Actually, my grandmother did this to her yard here in Texas ages ago. She refortified once a year after the new year: when the city had collected and mulched the Christmas trees. It's all about checking local resources.
<p>Thanks for the Instructable, even though I'm surprised you actually used Round-Up on your lawn, if only in a test area.</p>
<p>Awesome, I'm working on doing this to my front yard as well. Can I ask where you bought your plants? I live in the Valley as well :)</p>
<p>Love your yard. So much more beautiful than a patch of grass and more interest too. I have spent countless hours with mowers as we have acreage to cut. What a pathetic waste of time and energy. I am building raised beds where I can and the rest will look a little like yours. Even in Wisconsin I think I can pull this off but it will take time. Love the blue puffballs (fescue) - we can grow them here. Free mulch I have, but will start searching for cardboard tomorrow. Thank you for the instructions!</p>
This is a great idea! I really like that you addressed the most popular questions in Step 2: The basic idea, and also the suggestions on how to get free cardboard and mulch. At first, I thought that you should have laid down some mulch under the cardboard so that it would compost while smothering the lawn, but I realized that the lawn itself would die and compost (plus another mulch layer nearly doubles the work). This cardboard idea is so very elegant and smart - thank you for sharing!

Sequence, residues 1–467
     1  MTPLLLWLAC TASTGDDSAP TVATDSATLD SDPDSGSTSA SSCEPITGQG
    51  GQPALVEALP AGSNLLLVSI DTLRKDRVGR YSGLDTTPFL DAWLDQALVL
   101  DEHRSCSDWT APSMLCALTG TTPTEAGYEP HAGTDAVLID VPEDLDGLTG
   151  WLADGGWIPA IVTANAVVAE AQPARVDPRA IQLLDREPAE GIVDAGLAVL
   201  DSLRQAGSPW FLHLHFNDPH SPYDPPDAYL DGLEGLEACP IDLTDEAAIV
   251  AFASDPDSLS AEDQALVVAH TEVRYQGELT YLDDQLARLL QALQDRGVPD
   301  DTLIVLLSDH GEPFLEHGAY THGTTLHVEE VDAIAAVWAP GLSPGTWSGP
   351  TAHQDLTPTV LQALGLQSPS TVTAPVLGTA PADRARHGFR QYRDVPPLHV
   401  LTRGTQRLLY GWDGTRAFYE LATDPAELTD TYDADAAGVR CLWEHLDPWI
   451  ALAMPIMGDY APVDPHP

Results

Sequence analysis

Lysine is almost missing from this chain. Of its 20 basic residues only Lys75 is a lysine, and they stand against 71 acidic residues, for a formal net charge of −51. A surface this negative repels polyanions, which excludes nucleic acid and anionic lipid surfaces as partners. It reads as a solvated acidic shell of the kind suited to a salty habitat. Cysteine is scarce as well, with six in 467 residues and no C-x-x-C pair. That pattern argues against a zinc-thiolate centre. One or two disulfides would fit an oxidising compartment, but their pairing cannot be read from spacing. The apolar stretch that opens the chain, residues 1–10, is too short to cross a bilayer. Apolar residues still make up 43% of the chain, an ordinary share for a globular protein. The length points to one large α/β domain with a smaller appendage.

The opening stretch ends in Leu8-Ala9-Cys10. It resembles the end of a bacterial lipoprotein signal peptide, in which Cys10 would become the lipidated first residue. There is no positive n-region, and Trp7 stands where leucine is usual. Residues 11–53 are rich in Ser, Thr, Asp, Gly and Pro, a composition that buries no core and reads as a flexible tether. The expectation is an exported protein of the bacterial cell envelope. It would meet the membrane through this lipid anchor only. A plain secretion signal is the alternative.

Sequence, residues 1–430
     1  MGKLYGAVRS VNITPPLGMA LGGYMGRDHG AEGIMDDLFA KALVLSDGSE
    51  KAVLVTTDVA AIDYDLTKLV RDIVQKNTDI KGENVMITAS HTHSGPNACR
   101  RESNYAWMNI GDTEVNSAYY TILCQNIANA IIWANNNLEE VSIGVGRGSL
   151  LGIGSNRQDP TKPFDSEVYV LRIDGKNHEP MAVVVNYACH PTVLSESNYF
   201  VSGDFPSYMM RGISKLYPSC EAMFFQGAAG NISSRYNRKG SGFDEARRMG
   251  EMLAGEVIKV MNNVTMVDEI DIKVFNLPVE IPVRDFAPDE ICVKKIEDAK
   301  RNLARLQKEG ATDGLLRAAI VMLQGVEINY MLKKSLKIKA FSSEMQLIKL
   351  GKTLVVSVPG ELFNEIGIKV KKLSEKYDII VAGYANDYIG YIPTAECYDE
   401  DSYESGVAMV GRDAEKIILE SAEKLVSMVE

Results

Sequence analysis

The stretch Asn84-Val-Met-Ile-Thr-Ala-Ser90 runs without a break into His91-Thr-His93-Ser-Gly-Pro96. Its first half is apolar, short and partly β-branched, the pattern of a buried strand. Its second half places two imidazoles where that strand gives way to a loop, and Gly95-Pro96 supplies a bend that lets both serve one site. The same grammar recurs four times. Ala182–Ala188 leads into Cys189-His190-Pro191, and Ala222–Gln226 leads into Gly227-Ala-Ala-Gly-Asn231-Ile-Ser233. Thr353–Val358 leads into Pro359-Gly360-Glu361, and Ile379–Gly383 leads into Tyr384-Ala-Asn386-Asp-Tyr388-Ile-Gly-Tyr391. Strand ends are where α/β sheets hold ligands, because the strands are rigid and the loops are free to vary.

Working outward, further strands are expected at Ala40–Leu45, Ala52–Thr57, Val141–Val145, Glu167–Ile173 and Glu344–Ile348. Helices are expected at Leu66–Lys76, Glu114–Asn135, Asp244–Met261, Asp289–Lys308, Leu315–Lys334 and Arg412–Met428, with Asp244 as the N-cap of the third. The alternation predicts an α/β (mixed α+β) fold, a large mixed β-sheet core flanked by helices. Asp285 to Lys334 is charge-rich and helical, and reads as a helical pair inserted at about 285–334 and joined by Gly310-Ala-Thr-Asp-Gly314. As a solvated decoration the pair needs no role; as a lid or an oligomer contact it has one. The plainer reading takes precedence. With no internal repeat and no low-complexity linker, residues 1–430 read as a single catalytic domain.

I really like this idea and would love to try it. Does anyone have a suggestion for what plants would be good for Chicago's climate? I like the look of tall grasses, so I'll definitely use some of those.<br>
Liriope is a great plant that grows easily in just about any climate zone 5 and beyond (zone 4 growers may have luck if they cut back their plants to about two inches, then put a heavy layer of mulch over them to keep them protected). Anyhow, Liriope grows via rooters and, depending on the variety, you can get a look very similar to what Prof. Keil has. <br> <br>I'd recommend the cultivar Liriope spicata (also known as Creeping Lilyturf). It tends to not be invasive like some other, less hardy cultivars. It stays relatively compact in the stem base, but has the lovely look of an exotic grass. Plus, it has beautiful blooms of purple that will certainly attract bees and butterflies. <br> <br>I'd recommend googling for Creeping Lily Turf images, and seeing if that's in line with what you are looking for. It really is a lovely, easily maintainable plant--and more hardy than most varieties of Liriope. <br> <br>Hope this helps. :) <br> <br>One